Former St. Mary’s School eyed as recovery center

THE TURNING POINT Center of Addison County is hoping to use the former St. Mary’s School building at 86 Shannon St. in Middlebury as a venue to deliver programming — and perhaps someday transitional housing — for people recovering from substance use disorder and other addictions.Independent file photo/John S. McCright

All of this is very preliminary, but that’s the dream; we’d like it to be a community hub, and it has the potential that we could invite other human services to join us.
— Jennifer Mayhew, Turning Point Center

MIDDLEBURY — The Turning Point Center of Addison County (TPC) is in talks with St. Mary’s Catholic Church parish for potential long-term use of the former St. Mary’s School building at 86 Shannon St. in Middlebury as a center for people recovering from substance use disorder and other addictions.

At the same time they’re trying to negotiate a lengthy lease, TPC officials are also exploring potential funding sources for repairs that would allow the building to reopen.

St. Mary’s School, across Shannon Street from the church, closed in June 2016 in the wake of declining enrollment, which is also a common lament among Vermont public schools.

Jennifer Mayhew, the TPC’s new executive director, said she and her colleagues see the 10,600-square-foot building as a prime downtown location they believe could conveniently offer people in recovery such services as peer coaching, yoga, meeting space, family support and childcare.

And Mayhew has an even grander, future vision for the property: She’d like to see the second floor of the school someday host “sober living” housing for those leaving residential treatment facilities and who need a drug-free place to stay for several months.

“All of this is very preliminary, but that’s the dream; we’d like it to be a community hub, and it has the potential that we could invite other human services to join us,” Mayhew said.

St. Mary’s Church Parish has had a history of supporting addiction recovery efforts. As reported by the Independent last year, the St. Mary’s School parking lot has periodically hosted a mobile medical van from which Dr. Will Porter and others have cared for people with health woes — including some who are battling addiction.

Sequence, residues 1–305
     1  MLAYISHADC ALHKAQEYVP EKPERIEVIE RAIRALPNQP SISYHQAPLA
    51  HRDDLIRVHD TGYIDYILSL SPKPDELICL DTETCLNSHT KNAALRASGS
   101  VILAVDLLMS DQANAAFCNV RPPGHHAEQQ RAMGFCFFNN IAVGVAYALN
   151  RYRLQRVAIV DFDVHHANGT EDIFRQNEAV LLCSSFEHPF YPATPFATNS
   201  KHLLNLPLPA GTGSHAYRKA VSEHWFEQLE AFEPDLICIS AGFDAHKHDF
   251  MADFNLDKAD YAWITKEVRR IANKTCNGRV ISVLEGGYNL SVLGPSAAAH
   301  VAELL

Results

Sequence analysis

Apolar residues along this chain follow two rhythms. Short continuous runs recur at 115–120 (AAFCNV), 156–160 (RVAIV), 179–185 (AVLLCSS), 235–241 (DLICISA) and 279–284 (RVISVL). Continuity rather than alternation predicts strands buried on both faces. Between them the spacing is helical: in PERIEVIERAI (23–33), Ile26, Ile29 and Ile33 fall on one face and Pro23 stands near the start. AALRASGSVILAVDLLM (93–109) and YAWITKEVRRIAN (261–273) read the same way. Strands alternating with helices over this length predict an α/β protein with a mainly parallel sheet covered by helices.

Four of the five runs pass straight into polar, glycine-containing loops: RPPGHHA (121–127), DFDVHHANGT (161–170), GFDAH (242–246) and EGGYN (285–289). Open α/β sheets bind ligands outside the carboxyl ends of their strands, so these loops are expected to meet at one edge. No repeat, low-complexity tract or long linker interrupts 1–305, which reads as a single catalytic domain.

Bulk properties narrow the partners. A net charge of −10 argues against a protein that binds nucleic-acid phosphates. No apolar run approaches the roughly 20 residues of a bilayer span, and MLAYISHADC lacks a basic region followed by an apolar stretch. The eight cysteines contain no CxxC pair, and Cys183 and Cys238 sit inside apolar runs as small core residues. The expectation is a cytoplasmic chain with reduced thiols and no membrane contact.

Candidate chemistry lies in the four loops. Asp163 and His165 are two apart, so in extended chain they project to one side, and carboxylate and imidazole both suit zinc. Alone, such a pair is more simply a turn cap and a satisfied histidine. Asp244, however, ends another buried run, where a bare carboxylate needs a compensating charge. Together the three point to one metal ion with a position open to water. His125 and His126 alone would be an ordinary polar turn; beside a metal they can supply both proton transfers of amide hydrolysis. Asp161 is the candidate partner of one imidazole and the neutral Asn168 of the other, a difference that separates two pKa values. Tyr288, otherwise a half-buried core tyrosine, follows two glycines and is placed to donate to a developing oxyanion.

Porter and his colleagues have put together Medication Assisted Treatment plans for those who need them; no drugs or money are kept in the van.

“For the Catholic Church and Farther Luke there was no stigma (around addiction treatment), and they were open to the services that we provide,” Mayhew said. “That’s, to me, is very meaningful — that a faith-based organization is open to the idea of people in recovery and accepting all people.”

This gave TPC officials the confidence to draft a proposal for the dormant St. Mary’s School property when they heard the parish was entertaining ideas for its reuse.


Middlebury College and TPC both submitted plans for the property.

The parish first considered the college’s proposal to transform the site into a childcare hub.

The plan failed to pass muster with the parish, however.

“In 2021, St. Mary’s Parish declined to accept the building of a separate child-care center as part of a larger property proposal from Middlebury College,” the Rev. Luke Austin, pastor of St. Mary’s, said through an email exchange with the Independent.

He noted this wasn’t the first time the college had pitched a childcare center for the former school property.

“In 2019, the Parish was open to this possibility, but the college withdrew from consideration,” he said. “Furthermore, there was no interest in converting St. Mary’s School to become a child-care center.”

So the Parish has pivoted back to the TPC proposal, and both sides are seeing if they can reach an accord.

“We’re very excited that they’re still interested in us, and we’re very interested in them,” Mayhew said. “However, I still have that challenge in front of me that I think even to reopen the place, we’re looking at a minimum of $250,000.”

Turning Point officials want to show they can raise the money to reopen the structure, and then raise even more money — a lot of it — to add a residential component to the mix. Mayhew believes such a project could cost in the $5 million range.

Mayhew and her colleagues described their plan in a March 30 narrative to U.S. Sen. Patrick Leahy, D-Vt. It calls for 15 “updated, energy-efficient, one-bedroom affordable apartments,” office space, commercial kitchen, and a 2,200-square-foot recreation/community room.

“The renovated apartments will provide supportive transitional housing to individuals who suffer from substance use disorder, are leaving residential treatment, and do not have access to housing free of drugs and alcohol,” reads the narrative. “The community center will provide temporary housing with services and case management supports of local community organizations located in the same space. The meeting space will be used by the TPC staff and participants as needed and for larger group offerings or community meetings.”